Sometimes when challenging things happen, there is something explicit you can do to alleviate the problem. You get a nail in your tire? Patch it. There is a miscommunication with your spouse? Talk it out. You do poorly on a test? Study harder next time. You feel lonely? Initiate with a friend.
Other times, there is less that can practically be done to change the situation. The death of a loved one, the loss of a job, being abused, a hard break up, financial strain, a natural disaster.
In these situations, your natural instinct may be to do something that is not helpful at all, something that may actually exacerbate the problem. You may isolate, turn to alcohol or drugs, spend beyond your means, cut yourself, etc. The good news is, there are other ways to cope. These ways of coping are not magical and will not make all your problems go away. What they will do, however, is help you get through the distressing time as gracefully as possible. They may help you hold yourself together and get the support you need so that your response to the problem doesn’t create even more problems for you.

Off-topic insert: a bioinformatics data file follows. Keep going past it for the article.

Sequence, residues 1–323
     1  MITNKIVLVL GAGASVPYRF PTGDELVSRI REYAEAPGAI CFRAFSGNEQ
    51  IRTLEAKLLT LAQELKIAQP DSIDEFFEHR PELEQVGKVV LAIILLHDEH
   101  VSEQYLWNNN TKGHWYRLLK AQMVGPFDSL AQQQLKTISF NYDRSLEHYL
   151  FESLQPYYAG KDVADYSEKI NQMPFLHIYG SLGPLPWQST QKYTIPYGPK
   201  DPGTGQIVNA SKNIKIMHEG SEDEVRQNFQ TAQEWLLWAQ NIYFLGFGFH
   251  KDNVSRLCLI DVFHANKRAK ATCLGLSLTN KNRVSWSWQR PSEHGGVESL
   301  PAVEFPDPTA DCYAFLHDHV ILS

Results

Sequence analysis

In light of the myriad of natural disasters recently and the looming threat of attack on our country, here are eight tips that can help you manage your distress: